Gizzard – Veterinaria Digital

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Blogs / Gizzard

Gizzard

Blogs

Atlas of Pathology

Veterinaria Digital - 8/04/2019

Differential diagnosis for gizzard lesions: mechanic ulcer and mycosis

To distinguish a mechanic erosion from a mycosis of the gizzard's corneal layer, the reverse of the mentioned layer has to be observed: Mycosis erosions are a white cotton-like formation produced by the growth of filamentous fungi (Penicillium, Fusarium...


Blogs

Atlas of Pathology

Veterinaria Digital - 10/06/2018

Mycosis in the gizzard

The presence of filamentous fungi, resistant to acid, of the genera Aspergillus, Fusarium or Penicillium, can cause several superficial abrasions on the corneal layer. Then, fungi produce hyaline filaments in the internal part. The presence of these...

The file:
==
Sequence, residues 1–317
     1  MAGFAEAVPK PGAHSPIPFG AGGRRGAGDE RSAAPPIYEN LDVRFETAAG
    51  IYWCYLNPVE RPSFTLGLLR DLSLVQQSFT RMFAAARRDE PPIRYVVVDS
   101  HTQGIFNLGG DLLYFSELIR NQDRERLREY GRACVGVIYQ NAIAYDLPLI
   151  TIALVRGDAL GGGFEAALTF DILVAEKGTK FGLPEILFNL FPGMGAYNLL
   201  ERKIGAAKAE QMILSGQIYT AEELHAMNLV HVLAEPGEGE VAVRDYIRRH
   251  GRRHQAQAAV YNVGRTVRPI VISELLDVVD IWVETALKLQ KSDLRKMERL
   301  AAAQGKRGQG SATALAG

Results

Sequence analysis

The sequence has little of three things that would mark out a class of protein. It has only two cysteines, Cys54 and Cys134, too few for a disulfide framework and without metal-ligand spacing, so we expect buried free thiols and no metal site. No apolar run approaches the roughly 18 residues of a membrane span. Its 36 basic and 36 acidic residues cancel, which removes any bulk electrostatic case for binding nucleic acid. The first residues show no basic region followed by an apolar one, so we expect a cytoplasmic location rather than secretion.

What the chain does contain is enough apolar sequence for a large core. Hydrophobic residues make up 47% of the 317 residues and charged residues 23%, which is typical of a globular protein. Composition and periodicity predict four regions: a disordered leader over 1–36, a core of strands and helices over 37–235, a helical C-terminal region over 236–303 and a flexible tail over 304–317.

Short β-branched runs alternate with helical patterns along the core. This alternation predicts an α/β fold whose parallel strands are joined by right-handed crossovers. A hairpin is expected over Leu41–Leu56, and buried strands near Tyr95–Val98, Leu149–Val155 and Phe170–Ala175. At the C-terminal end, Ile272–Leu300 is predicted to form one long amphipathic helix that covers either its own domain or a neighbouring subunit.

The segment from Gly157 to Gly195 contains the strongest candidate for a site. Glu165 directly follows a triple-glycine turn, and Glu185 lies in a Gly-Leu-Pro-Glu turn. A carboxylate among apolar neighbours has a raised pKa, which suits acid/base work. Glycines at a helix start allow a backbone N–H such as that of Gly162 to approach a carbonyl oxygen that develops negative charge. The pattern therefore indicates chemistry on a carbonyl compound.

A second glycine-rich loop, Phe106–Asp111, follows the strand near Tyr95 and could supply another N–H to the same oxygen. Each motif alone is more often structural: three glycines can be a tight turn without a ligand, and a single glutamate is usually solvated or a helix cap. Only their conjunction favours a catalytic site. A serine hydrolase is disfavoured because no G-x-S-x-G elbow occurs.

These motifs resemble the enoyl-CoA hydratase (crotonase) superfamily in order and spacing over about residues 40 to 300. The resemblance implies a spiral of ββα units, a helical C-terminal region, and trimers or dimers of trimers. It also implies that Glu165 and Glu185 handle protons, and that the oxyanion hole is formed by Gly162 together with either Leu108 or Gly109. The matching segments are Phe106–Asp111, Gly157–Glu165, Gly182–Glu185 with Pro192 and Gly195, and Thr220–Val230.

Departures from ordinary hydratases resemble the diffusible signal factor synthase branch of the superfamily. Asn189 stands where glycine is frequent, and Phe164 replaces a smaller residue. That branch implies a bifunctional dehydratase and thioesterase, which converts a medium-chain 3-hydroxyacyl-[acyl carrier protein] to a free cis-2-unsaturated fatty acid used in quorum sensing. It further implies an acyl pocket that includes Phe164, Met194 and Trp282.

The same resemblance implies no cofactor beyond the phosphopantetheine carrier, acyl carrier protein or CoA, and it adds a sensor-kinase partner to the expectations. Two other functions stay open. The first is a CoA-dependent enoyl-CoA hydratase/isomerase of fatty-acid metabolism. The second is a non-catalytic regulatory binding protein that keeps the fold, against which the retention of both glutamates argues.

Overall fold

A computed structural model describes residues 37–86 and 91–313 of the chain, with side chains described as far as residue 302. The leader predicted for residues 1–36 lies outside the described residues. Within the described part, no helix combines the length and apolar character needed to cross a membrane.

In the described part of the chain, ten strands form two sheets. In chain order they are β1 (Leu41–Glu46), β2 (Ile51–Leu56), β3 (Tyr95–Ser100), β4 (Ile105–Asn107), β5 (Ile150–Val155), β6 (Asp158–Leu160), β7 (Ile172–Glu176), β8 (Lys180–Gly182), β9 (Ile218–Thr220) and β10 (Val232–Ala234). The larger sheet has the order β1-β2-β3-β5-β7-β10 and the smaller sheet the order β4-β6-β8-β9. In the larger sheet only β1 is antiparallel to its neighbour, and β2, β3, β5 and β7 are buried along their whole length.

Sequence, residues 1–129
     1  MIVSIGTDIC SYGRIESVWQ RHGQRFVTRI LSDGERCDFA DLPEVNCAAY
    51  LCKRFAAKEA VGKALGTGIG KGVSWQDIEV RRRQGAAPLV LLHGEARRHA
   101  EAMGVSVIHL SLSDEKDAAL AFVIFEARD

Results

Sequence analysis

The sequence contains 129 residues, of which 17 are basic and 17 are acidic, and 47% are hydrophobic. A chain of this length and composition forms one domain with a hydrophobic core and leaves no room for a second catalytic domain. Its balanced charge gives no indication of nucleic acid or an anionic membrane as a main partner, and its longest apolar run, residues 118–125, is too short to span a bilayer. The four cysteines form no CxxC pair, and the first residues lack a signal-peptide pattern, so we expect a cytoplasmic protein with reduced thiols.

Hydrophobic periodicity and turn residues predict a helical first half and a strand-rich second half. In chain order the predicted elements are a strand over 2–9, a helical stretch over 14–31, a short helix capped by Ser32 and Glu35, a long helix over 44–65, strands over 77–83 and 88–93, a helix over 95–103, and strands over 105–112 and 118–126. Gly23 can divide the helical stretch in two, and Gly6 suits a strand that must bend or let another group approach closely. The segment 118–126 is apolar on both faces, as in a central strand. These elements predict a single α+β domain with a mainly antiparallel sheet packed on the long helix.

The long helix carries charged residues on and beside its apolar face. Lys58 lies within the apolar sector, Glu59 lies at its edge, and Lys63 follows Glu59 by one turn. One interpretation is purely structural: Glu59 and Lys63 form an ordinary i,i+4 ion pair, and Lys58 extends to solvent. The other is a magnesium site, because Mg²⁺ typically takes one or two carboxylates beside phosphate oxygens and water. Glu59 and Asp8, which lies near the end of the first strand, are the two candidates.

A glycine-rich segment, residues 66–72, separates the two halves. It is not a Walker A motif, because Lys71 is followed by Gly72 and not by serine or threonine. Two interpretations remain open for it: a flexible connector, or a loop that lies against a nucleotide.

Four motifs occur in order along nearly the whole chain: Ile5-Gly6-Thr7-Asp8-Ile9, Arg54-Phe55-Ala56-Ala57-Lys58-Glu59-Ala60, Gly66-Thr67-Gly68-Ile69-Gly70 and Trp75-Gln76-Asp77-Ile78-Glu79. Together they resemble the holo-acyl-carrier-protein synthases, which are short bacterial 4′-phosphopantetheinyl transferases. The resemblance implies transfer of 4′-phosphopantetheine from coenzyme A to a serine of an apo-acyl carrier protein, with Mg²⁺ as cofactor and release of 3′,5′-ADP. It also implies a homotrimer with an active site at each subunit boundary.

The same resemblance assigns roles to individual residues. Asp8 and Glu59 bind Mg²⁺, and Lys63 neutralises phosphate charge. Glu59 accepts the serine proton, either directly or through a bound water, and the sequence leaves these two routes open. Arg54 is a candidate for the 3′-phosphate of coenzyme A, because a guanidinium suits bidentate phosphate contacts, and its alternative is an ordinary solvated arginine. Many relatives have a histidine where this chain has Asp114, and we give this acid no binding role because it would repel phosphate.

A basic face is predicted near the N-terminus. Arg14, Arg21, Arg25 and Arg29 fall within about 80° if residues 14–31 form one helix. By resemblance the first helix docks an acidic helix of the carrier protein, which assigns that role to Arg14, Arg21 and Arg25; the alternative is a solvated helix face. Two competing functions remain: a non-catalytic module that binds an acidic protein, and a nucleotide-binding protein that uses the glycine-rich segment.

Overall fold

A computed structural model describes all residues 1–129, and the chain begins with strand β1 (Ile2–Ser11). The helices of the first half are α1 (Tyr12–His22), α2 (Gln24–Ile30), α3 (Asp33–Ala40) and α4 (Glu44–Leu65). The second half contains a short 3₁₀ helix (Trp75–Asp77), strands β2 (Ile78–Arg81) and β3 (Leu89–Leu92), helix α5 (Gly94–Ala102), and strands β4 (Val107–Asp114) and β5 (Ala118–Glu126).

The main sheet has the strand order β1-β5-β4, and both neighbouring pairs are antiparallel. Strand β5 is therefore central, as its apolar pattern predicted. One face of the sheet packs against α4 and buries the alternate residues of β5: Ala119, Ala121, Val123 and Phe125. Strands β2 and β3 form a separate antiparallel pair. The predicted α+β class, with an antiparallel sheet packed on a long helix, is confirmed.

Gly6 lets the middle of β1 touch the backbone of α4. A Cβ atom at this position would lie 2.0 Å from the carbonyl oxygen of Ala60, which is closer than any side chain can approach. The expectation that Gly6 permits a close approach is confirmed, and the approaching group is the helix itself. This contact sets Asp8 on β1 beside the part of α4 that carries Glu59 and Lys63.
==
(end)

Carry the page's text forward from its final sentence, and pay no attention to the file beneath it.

Blogs

Atlas of Pathology

Veterinaria Digital - 25/03/2018

Avian clostridiosis

The transit area between the glandular stomach and the gizzard tends to form accumulations of matted feed that create an anaerobic area under it. In this anatomical area, feed hasn’t been digested. Both conditions (undigested feed and anaerobiosis)...


Blogs

Atlas of Pathology

Veterinaria Digital - 11/03/2018

Formaldehyde burn

Thermo-chemical burnt caused by formaldehyde, used as salmonellicide in feed. The exothermal reaction comes from the interaction with the hydrochloric acid in the digestive tract.


Blogs

Atlas of Pathology

Veterinaria Digital - 9/09/2017

Yolk sac in avian toxic infectious hepatoenteritis

The triad of lesions in the picture (green yolk sac, gizzard lesions and intestnes with green ceca and gas) are pathognomonic for avian infectious hepatoenteritis, which is caused by SH2+ enterobacteria.


Blogs

Atlas of Pathology

Veterinaria Digital - 12/08/2017

Avian Infectious Toxic Hepatoenteritis

Yolk infection in chickens  produced by enterobacteriaceae producing type IV toxins manifests in the liver lthrough inflammation and discoloration.


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